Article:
The Irish Times view on the US election: Trump’s uphill battle
The incumbent is in trouble, but it is not difficult to envisage a scenario that works in his favour in the autumn
US president Donald Trump returns from a weekend trip to Bedminster, New Jersey, at the White House on Sunday. Photograph: Stefani Reynolds/The New York Times
If the US presidential election were held today, Donald Trump would probably lose. A political landscape that looked propitious for the president at the beginning of the year has been turned on its head by the Covid-19 pandemic. On issues where he was performing strongly among voters, notably the economy, now he is weak. What seemed to be political strengths now look more like liabilities. Opinion polls consistently point to a convincing lead for Trump’s Democratic opponent, Joe Biden, both nationally and in the handful of swing states that will decide the outcome of the November election. A hundred days out, the Trump campaign has replaced its manager, revised its strategy and finds itself having to buy advertising in states such as Ohio, which six months ago were assumed to be safe bets for the property magnate.
Trump dismisses as “fake polls” those that show him doing badly, but his actions suggest he knows he is in trouble. Having downplayed the threat from coronavirus and deflecting blame for shortcomings in the official response, Trump has recently performed a 180-degree turn, acknowledging the gravity of the crisis as the virus spins out of control. The Republican convention in Jacksonville, Florida – a Covid-19 hotspot – has been cancelled. Having ridiculed Biden for wearing a mask, Trump now uses one himself. The red states where Trump is strongest, having been spared the worst of the disease in the Spring, are now in emergency mode, with cases and deaths growing every week. With his people hurting this badly, pretending everything was fine was only compounding the damage.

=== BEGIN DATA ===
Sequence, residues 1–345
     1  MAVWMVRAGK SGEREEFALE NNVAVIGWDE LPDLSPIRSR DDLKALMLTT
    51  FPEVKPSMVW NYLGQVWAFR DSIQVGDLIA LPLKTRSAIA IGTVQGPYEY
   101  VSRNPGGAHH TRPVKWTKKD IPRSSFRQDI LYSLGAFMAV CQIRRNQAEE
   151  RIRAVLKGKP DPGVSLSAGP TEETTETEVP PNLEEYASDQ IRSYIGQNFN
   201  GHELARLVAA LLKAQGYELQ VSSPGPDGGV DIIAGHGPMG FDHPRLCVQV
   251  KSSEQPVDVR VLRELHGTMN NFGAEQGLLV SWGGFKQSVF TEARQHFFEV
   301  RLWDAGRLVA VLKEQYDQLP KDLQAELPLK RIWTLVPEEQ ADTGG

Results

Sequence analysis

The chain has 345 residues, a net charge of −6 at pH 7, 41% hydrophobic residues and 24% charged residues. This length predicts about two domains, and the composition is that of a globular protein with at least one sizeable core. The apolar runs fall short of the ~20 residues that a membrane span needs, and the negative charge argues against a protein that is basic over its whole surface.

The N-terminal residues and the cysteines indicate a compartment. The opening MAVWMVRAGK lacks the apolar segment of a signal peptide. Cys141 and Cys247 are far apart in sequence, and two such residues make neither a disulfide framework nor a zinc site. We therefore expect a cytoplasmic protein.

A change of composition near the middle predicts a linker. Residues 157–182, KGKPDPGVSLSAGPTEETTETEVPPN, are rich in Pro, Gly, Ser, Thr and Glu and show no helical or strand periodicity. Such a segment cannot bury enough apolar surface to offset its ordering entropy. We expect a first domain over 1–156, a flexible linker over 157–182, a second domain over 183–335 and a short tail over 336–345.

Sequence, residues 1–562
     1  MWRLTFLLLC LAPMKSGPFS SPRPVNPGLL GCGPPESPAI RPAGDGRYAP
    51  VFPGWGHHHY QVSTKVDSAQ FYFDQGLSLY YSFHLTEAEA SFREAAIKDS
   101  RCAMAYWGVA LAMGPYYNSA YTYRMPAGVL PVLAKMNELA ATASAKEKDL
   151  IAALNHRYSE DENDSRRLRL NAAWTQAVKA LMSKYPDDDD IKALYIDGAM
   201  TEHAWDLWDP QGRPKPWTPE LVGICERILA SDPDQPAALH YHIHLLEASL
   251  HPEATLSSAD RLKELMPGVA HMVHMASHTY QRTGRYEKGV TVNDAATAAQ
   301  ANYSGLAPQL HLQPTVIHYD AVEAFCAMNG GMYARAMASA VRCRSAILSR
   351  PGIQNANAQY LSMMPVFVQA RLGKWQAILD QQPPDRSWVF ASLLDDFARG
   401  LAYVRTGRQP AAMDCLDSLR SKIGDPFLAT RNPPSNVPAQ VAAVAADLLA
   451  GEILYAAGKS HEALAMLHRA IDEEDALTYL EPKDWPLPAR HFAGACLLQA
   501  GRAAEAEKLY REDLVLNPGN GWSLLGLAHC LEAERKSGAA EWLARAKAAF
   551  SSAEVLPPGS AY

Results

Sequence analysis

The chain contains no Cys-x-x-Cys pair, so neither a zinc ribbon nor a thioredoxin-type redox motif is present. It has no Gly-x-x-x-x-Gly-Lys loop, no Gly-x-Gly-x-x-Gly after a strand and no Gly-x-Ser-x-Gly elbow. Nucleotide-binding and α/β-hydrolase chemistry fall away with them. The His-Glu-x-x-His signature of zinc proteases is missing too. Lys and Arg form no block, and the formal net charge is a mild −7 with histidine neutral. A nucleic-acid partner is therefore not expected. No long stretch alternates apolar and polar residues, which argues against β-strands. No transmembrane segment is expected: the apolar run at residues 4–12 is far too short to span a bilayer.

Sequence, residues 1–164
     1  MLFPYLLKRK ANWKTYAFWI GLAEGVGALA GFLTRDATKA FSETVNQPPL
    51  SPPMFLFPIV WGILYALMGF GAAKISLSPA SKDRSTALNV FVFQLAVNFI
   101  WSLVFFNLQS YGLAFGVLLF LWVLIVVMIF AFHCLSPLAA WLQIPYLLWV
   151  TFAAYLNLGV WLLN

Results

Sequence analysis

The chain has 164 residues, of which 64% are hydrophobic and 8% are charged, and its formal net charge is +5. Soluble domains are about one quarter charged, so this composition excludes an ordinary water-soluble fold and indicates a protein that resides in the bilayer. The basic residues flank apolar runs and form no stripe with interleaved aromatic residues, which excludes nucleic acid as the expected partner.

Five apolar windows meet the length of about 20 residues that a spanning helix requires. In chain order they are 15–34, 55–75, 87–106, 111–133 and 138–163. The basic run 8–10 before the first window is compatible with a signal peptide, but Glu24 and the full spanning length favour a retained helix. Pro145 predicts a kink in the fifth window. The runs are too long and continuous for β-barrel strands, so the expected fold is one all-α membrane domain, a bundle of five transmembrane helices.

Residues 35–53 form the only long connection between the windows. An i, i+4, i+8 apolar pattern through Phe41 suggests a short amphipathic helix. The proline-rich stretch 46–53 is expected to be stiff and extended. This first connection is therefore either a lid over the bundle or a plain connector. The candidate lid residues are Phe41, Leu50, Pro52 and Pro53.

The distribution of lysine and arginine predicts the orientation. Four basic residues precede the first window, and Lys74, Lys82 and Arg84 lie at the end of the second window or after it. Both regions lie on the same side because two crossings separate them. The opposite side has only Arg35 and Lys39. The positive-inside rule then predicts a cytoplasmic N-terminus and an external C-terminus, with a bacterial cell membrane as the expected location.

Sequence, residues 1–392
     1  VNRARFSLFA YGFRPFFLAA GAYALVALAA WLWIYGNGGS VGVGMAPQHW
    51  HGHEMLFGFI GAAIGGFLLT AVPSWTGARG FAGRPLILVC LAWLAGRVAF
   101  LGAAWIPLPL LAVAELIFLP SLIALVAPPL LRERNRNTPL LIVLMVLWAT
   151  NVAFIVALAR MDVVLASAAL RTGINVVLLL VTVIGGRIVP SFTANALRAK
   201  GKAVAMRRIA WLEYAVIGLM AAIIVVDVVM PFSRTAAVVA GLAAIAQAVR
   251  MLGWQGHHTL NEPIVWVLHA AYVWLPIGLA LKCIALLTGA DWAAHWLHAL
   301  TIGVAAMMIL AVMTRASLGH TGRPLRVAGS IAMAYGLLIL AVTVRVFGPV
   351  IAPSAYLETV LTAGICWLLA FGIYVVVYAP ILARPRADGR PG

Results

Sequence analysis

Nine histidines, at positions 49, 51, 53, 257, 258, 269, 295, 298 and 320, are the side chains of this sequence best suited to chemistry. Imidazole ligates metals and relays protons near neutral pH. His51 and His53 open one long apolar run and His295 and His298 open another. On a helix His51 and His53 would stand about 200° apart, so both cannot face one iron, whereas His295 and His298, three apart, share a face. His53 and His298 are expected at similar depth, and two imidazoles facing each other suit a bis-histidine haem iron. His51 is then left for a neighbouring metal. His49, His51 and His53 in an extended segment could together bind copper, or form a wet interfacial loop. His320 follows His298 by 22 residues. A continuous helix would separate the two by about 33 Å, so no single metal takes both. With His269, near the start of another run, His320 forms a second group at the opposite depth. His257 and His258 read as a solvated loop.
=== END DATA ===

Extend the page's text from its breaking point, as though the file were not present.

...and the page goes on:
The pandemic has suspended normal campaigning. Biden has kept a relatively low profile, choosing his interventions carefully. That has worked well for the former vice-president, allowing him to set the terms of his campaign while leaving Trump all the space he needs to damage his own chances. Democratic voters are no more excited about Biden than they were a year ago, but for many suburban voters, polls suggest, the threat of a second term for Trump is enough to push them into the Biden camp. Meanwhile, the tentative economic recovery of early summer appears to be slipping backwards.
Time is running out for Trump, but it’s far too early to discount him. It is not difficult to envisage a scenario that works in his favour in the autumn, certainly if the virus is brought under control and a working vaccine is close to distribution. The polls could be wrong. He has the advantages of incumbency. Biden is prone to errors. Trump retains the full-throated support of the Republican Party, and could benefit from more foreign interference in the campaign. And the pandemic itself is a reminder that every campaign is vulnerable to the one factor that can change them in the most profound and unexpected ways: events.